Calendar An icon of a desk calendar. Cancel An icon of a circle with a diagonal line across. Caret An icon of a block arrow pointing to the right. Email An icon of a paper envelope. Facebook An icon of the Facebook "f" mark. Google An icon of the Google "G" mark. Linked In An icon of the Linked In "in" mark. Logout An icon representing logout. Profile An icon that resembles human head and shoulders. Telephone An icon of a traditional telephone receiver. Tick An icon of a tick mark. Is Public An icon of a human eye and eyelashes. Is Not Public An icon of a human eye and eyelashes with a diagonal line through it. Pause Icon A two-lined pause icon for stopping interactions. Quote Mark A opening quote mark. Quote Mark A closing quote mark. Arrow An icon of an arrow. Folder An icon of a paper folder. Breaking An icon of an exclamation mark on a circular background. Camera An icon of a digital camera. Caret An icon of a caret arrow. Clock An icon of a clock face. Close An icon of the an X shape. Close Icon An icon used to represent where to interact to collapse or dismiss a component Comment An icon of a speech bubble. Comments An icon of a speech bubble, denoting user comments. Comments An icon of a speech bubble, denoting user comments. Ellipsis An icon of 3 horizontal dots. Envelope An icon of a paper envelope. Facebook An icon of a facebook f logo. Camera An icon of a digital camera. Home An icon of a house. Instagram An icon of the Instagram logo. LinkedIn An icon of the LinkedIn logo. Magnifying Glass An icon of a magnifying glass. Search Icon A magnifying glass icon that is used to represent the function of searching. Menu An icon of 3 horizontal lines. Hamburger Menu Icon An icon used to represent a collapsed menu. Next An icon of an arrow pointing to the right. Notice An explanation mark centred inside a circle. Previous An icon of an arrow pointing to the left. Rating An icon of a star. Tag An icon of a tag. Twitter An icon of the Twitter logo. Video Camera An icon of a video camera shape. Speech Bubble Icon A icon displaying a speech bubble WhatsApp An icon of the WhatsApp logo. Information An icon of an information logo. Plus A mathematical 'plus' symbol. Duration An icon indicating Time. Success Tick An icon of a green tick. Success Tick Timeout An icon of a greyed out success tick. Loading Spinner An icon of a loading spinner. Facebook Messenger An icon of the facebook messenger app logo. Facebook An icon of a facebook f logo. Facebook Messenger An icon of the Twitter app logo. LinkedIn An icon of the LinkedIn logo. WhatsApp Messenger An icon of the Whatsapp messenger app logo. Email An icon of an mail envelope. Copy link A decentered black square over a white square.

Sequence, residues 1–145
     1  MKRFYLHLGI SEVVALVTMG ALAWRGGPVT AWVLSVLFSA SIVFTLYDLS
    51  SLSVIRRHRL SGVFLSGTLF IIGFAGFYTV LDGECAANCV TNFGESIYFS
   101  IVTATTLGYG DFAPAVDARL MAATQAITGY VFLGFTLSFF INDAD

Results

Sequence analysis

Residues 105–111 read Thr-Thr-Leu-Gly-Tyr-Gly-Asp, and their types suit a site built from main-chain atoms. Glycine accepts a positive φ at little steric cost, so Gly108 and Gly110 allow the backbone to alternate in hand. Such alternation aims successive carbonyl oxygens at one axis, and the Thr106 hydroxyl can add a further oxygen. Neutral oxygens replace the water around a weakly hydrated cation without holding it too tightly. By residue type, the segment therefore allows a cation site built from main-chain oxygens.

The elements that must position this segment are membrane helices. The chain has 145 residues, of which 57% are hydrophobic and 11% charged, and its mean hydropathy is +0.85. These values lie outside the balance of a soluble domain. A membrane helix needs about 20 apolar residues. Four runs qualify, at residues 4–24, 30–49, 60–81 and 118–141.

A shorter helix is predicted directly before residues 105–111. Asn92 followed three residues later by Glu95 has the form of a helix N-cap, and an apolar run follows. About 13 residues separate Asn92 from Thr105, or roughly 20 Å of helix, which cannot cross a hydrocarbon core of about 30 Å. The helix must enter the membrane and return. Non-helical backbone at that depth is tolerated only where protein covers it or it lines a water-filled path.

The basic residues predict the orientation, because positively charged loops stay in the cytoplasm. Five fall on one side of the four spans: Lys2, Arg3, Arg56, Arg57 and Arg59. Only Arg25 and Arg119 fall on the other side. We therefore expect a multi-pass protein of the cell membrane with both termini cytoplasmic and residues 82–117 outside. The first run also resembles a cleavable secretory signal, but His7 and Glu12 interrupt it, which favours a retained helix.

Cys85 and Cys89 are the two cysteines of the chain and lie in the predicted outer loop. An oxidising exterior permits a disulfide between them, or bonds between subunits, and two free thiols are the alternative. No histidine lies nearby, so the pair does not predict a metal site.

Slow your roll: Rising Twelve Triangles baking duo Rachel Morgan and Emily Cuddeford on secret to good pastry

Rachel Morgan and Emily Cuddeford of Twelve Triangles
Rachel Morgan and Emily Cuddeford of Twelve Triangles

Bakers Rachel Morgan and Emily Cuddeford use only the best quality produce for their artisan breads and pastries but the single most important ingredient in each recipe is time – and lots of it.

Every item produced in the Twelve Triangles scratch bakery, which the pair founded in 2011, is made and shaped by hand on a three or four-day cycle using a special cold prove, slow fermentation process, with no additives, no improvers and only flour grown and milled in the UK.

Unlike modern mass-production methods – which swap the slow mixing and kneading process of traditional breadmaking for faster mixing and reduced proving time – the more relaxed pace, they say, not only improves flavour but also how well the body digests the end product, too. “When you cold prove, you’re slowing the process right down,” explained Morgan. “With something like the Chorleywood process – which is mainly for bread, but is also applicable to pastries and things as well – it’s basically about doing everything as fast as possible. All the proteins and sugars and extras put in the flour become less digestible because you’ve not given it any time. But by using a slow, cold process, you’re already started that breakdown, which is much better for your gut and easier on your stomach, basically. It also adds a lot more flavour and just makes a nicer product at the end of the day.”